Currently, one can fairly easily update the BIOS in a modern PC; devices like video cards or modems often rely on firmware dynamically loaded by a device driver and may thus get transparently updated through the operating system update mechanisms. In contrast, firmware in storage devices rarely get updated, even when flash (rather than ROM) storage is used; there are no standardized mechanisms for detecting and updating firmvare versions. However, in practice, such devices have a low rate of functionality issues compared to parts where the firmware may be updated. The reasons for this probably belong to the realm of psychology; a partial explanation could postulate that designers (programmers) may not invest as much energy in error-proofing code which they know they can easily update, as compared to when it "must be" correct in the very first production-run. A difference in complexity may be another factor, as devices with either fixed or "not easily updated" firmware tend to be simpler, and vice versa.

Computer peripherals

Most computer peripherals are themselves special-purpose computers. While external devices have firmware stored internally, as of 2009 modern graphics cards and peripheral expansion cards often have parts of the firmware loaded by the host system at start-up, as this provides greater flexibility. Such hardware may therefore fail to function fully until the host computer has "fed" it the requisite firmware, typically via a specific device driver (more exactly: via a start-up subsystem within a device driver package). Modern device drivers, whether for internal or external "peripheral" devices, may also expose a direct graphical user-interface for configuration, often using parts of a normal application program interface in addition to lower level operating system calls, hooks, and/or other interfaces designed for device drivers.

Consumer products

 most modern portable music players support firmware upgrades. Some companies use firmware updates to add new playable file formats (encodings); iriver added the ogg format this way, for instance. Other features that may change with firmware updates include the GUI or even the battery life. Most mobile phones have a firmware upgrade capability for much the same reasons; some may even be upgraded to enhance reception or sound quality, illustrating the fact that firmware is used at more than one level in complex products (in a CPU-like microcontroller versus in a digital signal processor in this particular case).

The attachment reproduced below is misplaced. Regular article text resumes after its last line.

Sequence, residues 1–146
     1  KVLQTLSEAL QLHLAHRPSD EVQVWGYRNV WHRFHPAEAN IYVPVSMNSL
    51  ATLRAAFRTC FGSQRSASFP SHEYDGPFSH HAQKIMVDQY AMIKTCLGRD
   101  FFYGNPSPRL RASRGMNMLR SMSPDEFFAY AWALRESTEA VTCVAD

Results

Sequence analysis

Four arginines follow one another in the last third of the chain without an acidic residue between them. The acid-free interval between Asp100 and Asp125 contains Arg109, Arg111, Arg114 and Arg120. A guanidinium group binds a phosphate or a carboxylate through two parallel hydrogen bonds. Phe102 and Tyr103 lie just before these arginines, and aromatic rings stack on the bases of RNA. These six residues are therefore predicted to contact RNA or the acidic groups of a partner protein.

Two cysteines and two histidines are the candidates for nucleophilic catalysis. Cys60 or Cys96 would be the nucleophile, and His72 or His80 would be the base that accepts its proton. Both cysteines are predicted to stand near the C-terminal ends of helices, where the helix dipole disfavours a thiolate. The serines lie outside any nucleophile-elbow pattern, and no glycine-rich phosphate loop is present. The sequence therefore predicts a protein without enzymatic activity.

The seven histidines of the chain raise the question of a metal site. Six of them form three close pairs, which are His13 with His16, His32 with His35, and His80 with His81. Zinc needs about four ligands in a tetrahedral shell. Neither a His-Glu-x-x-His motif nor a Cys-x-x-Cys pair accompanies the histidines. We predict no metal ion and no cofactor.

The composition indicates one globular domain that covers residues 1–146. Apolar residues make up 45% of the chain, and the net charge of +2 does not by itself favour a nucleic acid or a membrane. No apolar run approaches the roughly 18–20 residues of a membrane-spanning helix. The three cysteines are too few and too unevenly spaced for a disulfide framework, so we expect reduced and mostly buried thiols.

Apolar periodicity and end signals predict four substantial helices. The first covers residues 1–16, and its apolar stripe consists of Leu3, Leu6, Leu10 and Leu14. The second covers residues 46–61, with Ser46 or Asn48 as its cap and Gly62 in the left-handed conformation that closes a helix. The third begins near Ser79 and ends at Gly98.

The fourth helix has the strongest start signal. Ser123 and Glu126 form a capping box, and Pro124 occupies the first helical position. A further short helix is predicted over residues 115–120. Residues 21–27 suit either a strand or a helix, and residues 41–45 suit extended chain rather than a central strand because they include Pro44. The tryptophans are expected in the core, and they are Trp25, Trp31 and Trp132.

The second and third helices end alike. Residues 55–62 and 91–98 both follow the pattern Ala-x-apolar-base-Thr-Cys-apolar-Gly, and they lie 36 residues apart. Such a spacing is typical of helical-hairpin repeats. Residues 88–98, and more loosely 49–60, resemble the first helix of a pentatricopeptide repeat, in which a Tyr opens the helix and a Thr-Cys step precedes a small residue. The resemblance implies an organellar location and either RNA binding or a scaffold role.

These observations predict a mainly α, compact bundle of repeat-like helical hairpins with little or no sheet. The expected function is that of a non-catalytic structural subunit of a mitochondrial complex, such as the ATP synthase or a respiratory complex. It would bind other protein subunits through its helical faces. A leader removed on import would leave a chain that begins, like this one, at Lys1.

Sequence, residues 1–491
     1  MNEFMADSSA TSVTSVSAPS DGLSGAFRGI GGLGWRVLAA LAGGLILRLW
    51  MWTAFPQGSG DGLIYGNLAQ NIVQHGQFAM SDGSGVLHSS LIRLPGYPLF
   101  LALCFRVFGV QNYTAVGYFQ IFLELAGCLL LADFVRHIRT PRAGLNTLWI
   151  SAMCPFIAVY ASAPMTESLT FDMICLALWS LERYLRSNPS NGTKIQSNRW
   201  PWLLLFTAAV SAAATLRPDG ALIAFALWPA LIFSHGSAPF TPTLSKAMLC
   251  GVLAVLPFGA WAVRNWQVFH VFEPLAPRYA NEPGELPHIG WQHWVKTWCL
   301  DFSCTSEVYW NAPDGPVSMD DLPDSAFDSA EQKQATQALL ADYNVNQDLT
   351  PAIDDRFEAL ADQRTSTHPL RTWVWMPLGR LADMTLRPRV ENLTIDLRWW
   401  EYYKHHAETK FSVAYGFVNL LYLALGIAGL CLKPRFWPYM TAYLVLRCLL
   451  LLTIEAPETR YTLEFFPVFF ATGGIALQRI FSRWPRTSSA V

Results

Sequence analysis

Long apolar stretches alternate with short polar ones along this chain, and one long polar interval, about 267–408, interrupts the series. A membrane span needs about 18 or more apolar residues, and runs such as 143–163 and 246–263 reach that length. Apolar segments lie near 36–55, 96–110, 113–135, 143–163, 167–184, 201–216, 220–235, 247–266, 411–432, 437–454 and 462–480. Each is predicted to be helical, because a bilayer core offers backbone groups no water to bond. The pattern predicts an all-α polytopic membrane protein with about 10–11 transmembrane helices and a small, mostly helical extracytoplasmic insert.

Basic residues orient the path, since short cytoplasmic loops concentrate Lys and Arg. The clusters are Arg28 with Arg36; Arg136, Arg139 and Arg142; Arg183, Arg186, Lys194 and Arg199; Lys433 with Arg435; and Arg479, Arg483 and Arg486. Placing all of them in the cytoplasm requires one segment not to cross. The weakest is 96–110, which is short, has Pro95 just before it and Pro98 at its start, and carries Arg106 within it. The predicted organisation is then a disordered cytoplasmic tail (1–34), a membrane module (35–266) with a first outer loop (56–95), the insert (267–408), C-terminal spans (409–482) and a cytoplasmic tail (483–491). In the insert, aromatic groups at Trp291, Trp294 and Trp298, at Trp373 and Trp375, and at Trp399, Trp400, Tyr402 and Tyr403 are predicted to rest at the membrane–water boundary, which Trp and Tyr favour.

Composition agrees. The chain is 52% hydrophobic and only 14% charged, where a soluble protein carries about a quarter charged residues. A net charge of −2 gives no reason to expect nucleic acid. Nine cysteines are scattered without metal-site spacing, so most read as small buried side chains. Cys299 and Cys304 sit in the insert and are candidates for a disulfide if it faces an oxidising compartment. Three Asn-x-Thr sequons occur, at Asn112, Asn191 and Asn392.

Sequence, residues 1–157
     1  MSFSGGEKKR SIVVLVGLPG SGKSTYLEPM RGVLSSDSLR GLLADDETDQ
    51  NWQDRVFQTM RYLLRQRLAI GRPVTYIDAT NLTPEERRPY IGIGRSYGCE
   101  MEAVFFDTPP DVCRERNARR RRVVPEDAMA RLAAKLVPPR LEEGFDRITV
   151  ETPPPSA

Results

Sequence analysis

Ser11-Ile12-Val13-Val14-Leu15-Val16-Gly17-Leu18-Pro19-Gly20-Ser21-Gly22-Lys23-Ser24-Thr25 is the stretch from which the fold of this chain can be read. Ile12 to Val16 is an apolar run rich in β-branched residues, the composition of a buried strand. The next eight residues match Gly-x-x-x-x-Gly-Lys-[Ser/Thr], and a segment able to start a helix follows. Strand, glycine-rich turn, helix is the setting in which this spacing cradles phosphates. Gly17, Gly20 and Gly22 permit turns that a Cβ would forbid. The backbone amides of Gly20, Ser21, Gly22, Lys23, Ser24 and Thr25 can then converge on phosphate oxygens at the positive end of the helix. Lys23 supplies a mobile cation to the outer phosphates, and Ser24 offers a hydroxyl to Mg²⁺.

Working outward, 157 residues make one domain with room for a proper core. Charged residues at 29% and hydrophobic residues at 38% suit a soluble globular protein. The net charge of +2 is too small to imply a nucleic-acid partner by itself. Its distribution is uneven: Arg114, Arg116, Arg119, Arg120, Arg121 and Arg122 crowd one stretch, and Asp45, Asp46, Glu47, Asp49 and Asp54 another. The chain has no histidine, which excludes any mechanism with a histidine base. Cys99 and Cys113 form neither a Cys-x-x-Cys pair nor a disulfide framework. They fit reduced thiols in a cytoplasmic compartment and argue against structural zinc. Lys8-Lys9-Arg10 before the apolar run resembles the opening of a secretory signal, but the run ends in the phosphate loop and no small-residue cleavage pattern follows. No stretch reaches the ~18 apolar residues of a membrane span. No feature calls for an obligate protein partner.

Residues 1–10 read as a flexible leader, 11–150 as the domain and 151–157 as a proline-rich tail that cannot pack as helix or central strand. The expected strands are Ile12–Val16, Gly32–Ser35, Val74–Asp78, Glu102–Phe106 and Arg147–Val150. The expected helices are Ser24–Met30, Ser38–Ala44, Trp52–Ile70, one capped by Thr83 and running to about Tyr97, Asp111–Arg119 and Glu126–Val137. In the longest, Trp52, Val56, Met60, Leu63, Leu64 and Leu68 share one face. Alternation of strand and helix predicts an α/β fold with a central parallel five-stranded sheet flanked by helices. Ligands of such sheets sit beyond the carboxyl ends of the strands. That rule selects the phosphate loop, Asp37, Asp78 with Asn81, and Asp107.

Since 1996 most automobiles have employed an on-board computer and various sensors to detect mechanical problems. modern vehicles also employ computer-controlled ABS systems and computer-operated Transmission Control System (TCS). The driver can also get in-dash information while driving in this manner, such as real-time fuel-economy and tire-pressure readings. Local dealers can update most vehicle firmware.

IEEE Definition

Institute of Electrical and Electronics Engineers (IEEE) Standard Glossary of Software Engineering Terminology, Std 610.12-1990, defines firmware as follows:

"The combination of a hardware device and computer instructions and data that reside as read-only software on that device.

Notes: (1) This term is sometimes used to refer only to the hardware device or only to the computer instructions or data, but these meanings are deprecated. (2) The confusion surrounding this term has led some to suggest that it be avoided altogether."


Examples of firmware include:

Firmware "hacking"

Sometimes third parties may write an unofficial new or modified version of firmware to provide new features or to unlock hidden functionality. Examples include:

Most firmware hacks are free and open source software as well.

These hacks usually take advantage of the firmware update facility on many devices to install or run themselves. Some, however, must resort to exploit in order to run, because the manufacturer has attempted to lock the hardware to stop it from running unlicensed code.

See also